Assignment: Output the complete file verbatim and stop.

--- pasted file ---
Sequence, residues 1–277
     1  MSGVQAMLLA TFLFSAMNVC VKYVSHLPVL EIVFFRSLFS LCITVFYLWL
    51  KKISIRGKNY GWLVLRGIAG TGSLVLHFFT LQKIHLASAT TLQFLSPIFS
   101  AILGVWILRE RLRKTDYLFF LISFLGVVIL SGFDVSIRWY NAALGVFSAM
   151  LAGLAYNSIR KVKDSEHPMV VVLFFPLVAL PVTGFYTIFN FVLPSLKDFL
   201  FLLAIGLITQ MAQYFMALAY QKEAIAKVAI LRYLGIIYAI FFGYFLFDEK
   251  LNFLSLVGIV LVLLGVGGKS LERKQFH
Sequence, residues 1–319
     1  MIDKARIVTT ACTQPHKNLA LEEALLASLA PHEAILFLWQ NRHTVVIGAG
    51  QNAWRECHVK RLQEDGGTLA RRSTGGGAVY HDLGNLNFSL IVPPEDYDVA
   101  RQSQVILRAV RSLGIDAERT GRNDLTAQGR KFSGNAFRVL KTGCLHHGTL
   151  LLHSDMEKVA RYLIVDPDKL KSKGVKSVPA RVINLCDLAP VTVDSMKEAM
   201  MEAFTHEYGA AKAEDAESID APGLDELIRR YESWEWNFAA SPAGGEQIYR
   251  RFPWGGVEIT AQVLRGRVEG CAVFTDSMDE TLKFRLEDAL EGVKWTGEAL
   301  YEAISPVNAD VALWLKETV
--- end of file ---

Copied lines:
Sequence, residues 1–277
     1  MSGVQAMLLA TFLFSAMNVC VKYVSHLPVL EIVFFRSLFS LCITVFYLWL
    51  KKISIRGKNY GWLVLRGIAG TGSLVLHFFT LQKIHLASAT TLQFLSPIFS
   101  AILGVWILRE RLRKTDYLFF LISFLGVVIL SGFDVSIRWY NAALGVFSAM
   151  LAGLAYNSIR KVKDSEHPMV VVLFFPLVAL PVTGFYTIFN FVLPSLKDFL
   201  FLLAIGLITQ MAQYFMALAY QKEAIAKVAI LRYLGIIYAI FFGYFLFDEK
   251  LNFLSLVGIV LVLLGVGGKS LERKQFH
Sequence, residues 1–319
     1  MIDKARIVTT ACTQPHKNLA LEEALLASLA PHEAILFLWQ NRHTVVIGAG
    51  QNAWRECHVK RLQEDGGTLA RRSTGGGAVY HDLGNLNFSL IVPPEDYDVA
   101  RQSQVILRAV RSLGIDAERT GRNDLTAQGR KFSGNAFRVL KTGCLHHGTL
   151  LLHSDMEKVA RYLIVDPDKL KSKGVKSVPA RVINLCDLAP VTVDSMKEAM
   201  MEAFTHEYGA AKAEDAESID APGLDELIRR YESWEWNFAA SPAGGEQIYR
   251  RFPWGGVEIT AQVLRGRVEG CAVFTDSMDE TLKFRLEDAL EGVKWTGEAL
   301  YEAISPVNAD VALWLKETV